Encyclopedia Of Detroit

Guest, Edgar

Born in Birmingham, England in 1881, prolific poet Edgar Guest’s family moved to Michigan when he was just 10 years old. In 1895, Guest began his career at the Detroit Free Press as copyboy. Soon after, Guest was promoted to police writer and later to exchange editor. In 1904, he began writing verses for the Free Press under the heading, “Chaff,” which evolved into a hugely popular daily feature entitled “Breakfast Table Chat.” In 1906, Guest married Nellie Crossman, and the couple had three children.

Fans of Guest’s verse wanted more than his Press features. Assisted by his typesetter younger brother, Harry, Guest began publishing books of poetry. His 1916 collection, A Heap O’ Livin’, sold over a million copies, and Guest followed it with other publications, like Just Folks in 1918 and Rhythms of Childhood in 1924. Soon Guest’s verses went into syndication and were carried in more than 300 newspapers, which led to a radio-show that ran from 1931-1942, and a television show called A Guest in Your Home in 1951.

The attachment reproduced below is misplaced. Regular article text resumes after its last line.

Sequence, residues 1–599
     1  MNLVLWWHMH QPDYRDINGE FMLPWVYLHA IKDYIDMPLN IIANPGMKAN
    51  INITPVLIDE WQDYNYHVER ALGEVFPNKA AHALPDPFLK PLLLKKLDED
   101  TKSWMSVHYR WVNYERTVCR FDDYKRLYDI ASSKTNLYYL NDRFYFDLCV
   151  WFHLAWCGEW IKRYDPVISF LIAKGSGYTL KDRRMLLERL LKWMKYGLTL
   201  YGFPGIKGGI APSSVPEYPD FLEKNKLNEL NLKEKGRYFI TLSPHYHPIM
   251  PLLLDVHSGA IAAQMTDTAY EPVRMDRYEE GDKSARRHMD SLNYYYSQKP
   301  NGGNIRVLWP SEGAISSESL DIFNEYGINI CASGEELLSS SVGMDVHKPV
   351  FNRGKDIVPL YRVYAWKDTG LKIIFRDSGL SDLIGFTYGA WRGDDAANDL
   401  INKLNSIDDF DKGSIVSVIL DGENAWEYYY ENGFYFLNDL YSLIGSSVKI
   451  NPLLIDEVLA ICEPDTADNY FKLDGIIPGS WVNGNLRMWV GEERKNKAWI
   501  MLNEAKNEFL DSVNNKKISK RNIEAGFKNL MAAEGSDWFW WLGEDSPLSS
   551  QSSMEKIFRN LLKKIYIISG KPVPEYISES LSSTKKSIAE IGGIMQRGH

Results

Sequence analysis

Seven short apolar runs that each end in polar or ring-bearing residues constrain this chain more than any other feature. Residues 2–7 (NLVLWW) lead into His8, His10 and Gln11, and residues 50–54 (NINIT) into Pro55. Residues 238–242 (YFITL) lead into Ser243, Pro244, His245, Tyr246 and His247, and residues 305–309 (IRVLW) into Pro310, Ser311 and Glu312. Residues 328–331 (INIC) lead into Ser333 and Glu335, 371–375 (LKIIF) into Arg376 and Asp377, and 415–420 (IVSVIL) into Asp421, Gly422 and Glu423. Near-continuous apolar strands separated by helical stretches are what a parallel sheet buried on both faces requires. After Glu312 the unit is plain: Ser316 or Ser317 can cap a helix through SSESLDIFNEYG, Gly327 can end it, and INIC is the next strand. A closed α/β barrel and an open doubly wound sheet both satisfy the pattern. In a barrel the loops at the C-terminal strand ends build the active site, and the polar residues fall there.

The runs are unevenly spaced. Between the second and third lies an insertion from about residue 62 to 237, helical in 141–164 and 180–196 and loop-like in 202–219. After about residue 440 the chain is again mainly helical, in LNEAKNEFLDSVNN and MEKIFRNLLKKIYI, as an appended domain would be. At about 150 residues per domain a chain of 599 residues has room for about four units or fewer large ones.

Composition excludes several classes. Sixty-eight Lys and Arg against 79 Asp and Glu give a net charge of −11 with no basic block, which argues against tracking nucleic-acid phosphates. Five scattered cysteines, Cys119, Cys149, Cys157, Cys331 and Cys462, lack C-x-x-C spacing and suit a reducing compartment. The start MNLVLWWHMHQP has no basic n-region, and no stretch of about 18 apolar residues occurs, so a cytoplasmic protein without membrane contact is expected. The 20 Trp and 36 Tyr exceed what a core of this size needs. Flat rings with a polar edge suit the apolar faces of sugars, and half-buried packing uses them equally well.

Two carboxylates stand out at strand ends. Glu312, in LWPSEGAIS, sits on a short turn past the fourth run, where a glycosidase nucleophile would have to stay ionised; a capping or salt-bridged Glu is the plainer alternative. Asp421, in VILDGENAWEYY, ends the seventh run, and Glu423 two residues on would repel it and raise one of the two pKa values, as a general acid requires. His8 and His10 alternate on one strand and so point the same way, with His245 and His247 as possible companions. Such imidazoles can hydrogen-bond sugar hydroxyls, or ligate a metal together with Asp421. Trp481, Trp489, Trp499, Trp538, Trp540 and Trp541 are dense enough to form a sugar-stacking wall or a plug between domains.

Guest’s poems, relatively short and with simple rhymes, often capture a very sentimental view of everyday life and everyday occurrences. His poetry appealed to an increasingly urban population, who found charm and comfort in “the good old days.” Guest worked with the Free Press for over 6 decades, contributing to nearly every edition, and building a large catalog of poems. Guest died in 1959, and is buried in Detroit’s Woodlawn Cemetery.



Signed photo of Edgar A. Guest, 1933

Collection of Edgar Guest's works published by The Detroit Free Press, 1921

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